Rep. Kristi Noem, R-S.D., hopes an effort to roll back an expansion of the federal Clean Water Act will meet with the same success found in unraveling plans to regulate workers on small farms.
Noem is one of 231 members of Congress who signed a letter to top federal officials complaining that expanding clean water regulations to cover water-filled ditches, small marshes known as prairie potholes and seasonal wetlands would be "legally and scientifically unsound."
"This rule has been built on an incomplete scientific study and a flawed economic analysis. We ask that this rule be withdrawn," reads the letter addressed to EPA Administrator Gina McCarthy and Secretary of the Army John M. McHugh.
On March 25, the EPA and U.S. Army Corps of Engineers proposed a rule that would assert Clean Water Act jurisdiction over nearly all areas that connect to navigable waters.
"I am extremely concerned by the EPA and U.S. Army Corps of Engineers' recent assertion that ditches, prairie potholes and seasonally wet areas should be under the federal government's control," said Noem. "The proposed rule was built on an incomplete scientific study and a flawed economic analysis, which is why we have asked the EPA to withdraw the rule."
In essence, according to the complaint letter, the proposed expansion of the Clean Water Act would give the EPA authority over any body of water -- no matter how small -- that links to downstream navigable waterways now covered by the Clean Water Act. This, says Noem, would place a regulatory burden on farmers and other business owners whose property might contain a ditch filled up with spring snow melt or a summer rainstorm.
"Most producers are not used to the Clean Water Act coming into play in a ravine or ditch. Those have never been a navigable water before," Noem told The Daily Republic. "This would broadly expand what is considered navigable water. People recognize this rule would change the federal government's authority to touch their land. People are alarmed."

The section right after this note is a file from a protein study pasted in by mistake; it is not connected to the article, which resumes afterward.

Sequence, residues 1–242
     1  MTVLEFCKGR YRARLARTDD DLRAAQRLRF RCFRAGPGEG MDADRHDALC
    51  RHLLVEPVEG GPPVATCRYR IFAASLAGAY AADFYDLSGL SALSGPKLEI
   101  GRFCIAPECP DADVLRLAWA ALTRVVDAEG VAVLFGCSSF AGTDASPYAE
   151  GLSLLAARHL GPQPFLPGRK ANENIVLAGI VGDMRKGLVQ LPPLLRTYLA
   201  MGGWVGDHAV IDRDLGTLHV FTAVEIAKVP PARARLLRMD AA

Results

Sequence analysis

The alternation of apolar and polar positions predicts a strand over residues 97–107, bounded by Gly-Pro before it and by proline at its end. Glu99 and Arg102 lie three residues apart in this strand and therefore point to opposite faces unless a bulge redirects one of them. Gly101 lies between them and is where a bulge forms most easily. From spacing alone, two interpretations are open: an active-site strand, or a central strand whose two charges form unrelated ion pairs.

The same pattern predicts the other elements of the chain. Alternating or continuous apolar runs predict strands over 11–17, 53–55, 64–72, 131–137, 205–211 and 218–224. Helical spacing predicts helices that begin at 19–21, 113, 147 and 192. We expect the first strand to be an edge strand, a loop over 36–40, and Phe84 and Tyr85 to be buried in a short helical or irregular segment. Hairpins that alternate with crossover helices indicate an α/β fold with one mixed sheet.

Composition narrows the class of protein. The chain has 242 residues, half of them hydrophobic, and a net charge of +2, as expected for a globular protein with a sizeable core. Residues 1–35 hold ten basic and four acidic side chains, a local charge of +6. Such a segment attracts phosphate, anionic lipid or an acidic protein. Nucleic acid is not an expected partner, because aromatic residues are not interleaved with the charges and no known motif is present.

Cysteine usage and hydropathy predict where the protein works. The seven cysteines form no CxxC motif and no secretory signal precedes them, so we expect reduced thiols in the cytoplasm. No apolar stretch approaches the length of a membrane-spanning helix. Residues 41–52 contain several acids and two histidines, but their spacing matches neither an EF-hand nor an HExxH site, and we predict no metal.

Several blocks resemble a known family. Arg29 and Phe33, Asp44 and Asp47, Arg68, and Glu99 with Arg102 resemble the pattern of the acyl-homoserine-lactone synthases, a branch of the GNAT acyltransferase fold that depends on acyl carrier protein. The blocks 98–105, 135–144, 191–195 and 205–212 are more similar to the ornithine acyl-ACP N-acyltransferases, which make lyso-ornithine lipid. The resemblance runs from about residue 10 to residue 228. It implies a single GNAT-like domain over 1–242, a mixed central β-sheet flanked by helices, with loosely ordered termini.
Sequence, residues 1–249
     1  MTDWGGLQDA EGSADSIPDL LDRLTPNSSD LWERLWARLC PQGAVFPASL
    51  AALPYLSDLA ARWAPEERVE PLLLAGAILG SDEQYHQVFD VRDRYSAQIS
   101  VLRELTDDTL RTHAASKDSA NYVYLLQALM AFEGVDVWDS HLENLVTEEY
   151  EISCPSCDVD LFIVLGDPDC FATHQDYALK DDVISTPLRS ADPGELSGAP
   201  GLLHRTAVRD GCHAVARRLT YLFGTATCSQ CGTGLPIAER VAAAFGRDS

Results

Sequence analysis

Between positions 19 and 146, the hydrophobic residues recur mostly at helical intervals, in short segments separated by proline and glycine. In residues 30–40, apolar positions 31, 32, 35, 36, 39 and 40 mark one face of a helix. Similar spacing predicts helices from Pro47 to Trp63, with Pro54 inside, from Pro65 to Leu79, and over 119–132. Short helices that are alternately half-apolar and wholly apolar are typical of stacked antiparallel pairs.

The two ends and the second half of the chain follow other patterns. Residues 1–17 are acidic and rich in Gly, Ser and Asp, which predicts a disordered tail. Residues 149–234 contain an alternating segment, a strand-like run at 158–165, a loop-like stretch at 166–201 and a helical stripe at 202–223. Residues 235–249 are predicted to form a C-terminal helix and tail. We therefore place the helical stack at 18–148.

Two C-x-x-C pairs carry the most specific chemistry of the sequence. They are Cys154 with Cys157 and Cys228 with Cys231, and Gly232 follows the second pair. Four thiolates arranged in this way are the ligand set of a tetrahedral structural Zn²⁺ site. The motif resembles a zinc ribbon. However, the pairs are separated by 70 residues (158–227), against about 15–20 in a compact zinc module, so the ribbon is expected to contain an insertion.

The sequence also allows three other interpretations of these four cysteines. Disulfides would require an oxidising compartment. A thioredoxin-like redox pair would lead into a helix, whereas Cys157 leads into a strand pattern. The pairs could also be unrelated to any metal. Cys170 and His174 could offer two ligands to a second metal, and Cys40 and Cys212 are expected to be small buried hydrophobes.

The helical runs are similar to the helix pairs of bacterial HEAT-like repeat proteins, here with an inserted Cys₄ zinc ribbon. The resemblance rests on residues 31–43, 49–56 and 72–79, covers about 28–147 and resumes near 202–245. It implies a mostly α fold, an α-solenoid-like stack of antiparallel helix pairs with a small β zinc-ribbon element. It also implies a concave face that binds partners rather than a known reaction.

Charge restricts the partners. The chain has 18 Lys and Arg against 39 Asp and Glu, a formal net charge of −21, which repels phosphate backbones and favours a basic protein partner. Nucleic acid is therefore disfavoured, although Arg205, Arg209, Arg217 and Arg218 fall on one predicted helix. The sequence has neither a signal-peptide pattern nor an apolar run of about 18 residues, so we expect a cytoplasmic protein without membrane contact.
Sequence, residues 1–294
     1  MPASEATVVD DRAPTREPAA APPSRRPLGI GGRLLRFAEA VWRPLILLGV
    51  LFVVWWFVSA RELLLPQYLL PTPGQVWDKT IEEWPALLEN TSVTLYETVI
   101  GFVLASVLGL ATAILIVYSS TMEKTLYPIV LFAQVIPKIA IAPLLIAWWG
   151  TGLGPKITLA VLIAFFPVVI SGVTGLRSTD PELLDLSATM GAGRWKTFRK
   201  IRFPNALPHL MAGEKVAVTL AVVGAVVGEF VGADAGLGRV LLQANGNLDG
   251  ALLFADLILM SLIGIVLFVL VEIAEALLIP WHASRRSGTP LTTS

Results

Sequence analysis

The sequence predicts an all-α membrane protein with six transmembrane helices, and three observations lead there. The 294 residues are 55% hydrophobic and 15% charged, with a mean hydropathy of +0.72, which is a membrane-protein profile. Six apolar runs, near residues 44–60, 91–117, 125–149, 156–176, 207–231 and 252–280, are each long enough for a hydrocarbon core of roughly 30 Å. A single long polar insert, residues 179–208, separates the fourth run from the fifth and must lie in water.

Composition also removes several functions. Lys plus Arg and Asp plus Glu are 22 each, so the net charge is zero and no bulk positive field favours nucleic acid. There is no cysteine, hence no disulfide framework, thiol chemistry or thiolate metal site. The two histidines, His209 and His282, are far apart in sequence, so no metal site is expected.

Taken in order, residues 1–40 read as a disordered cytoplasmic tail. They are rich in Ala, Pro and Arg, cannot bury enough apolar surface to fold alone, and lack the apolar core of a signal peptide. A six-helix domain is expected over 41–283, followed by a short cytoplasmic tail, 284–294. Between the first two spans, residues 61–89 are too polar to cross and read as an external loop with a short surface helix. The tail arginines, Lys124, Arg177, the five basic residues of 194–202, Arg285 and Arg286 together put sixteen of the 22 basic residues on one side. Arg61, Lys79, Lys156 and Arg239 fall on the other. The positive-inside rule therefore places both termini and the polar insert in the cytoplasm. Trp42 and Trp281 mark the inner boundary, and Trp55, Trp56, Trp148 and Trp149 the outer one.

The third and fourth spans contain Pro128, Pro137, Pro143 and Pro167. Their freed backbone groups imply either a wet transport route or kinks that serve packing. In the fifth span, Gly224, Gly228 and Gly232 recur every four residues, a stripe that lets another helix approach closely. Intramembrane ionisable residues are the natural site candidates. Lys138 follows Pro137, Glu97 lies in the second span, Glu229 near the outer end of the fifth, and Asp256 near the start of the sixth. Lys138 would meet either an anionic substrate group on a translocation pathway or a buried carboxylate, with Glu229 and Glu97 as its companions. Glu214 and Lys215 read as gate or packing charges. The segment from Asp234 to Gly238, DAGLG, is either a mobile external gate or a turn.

The Clean Water Act, originally passed in 1972, governs such things as discharge permits and requirements for water quality standards.
"(The) proposed rule would assert CWA jurisdiction over nearly all areas with any hydrologic connection to downstream navigable waters, including man-made conveyances such as ditches. Contrary to your agencies' claims, this would directly contradict prior U.S. Supreme Court decisions, which imposed limits on the extent of federal CWA authority," reads the letter.
If the EPA is successful in expanding the Clean Water Act, it would not immediately affect fishing or hunting in those areas, Noem said. And she does not expect it to affect the dynamics of the years-long debate over public access to navigable waters in the northeastern part of the state. The Legislature and Game, Fish and Parks Department have long wrestled with a bitter controversy over whether new waters appearing on privately owned and taxed land should be accessible for fishing as currently allowed by state law.
However, Noem cautions that if the EPA changes its rules in the future, and more bodies of water are covered by the Clean Water Act, it's possible such future decisions could affect fishing and hunting.
Noem is urging opponents of the new rules to file public comments before the public comment period closes on July 21. She said such public comments and broad opposition in Congress worked to push back a proposal by the federal Occupational Health and Safety Administration (OSHA) to regulate workers on family farms with fewer than 10 employees.
"This issue has had the same concern level, or even greater," Noem said.
People can file a public comment in on docket ID No. EPA—HQ—OW—2011—0880 a few different ways:
• Go online to the eRulemaking Portal, http://www.regulations.gov. Follow the instructions for submitting comments.
• Send email comments to firstname.lastname@example.org. Include "EPA—HQ—OW—2011—0880" in the subject line of the message.
• Send mail, including the original and three copies of your comments, to:
Water Docket, Environmental Protection Agency, Mail Code 2822T, 1200 Pennsylvania Avenue NW., Washington, D.C., 20460, Attention: Docket ID No. EPA—HQ—OW—2011—0880.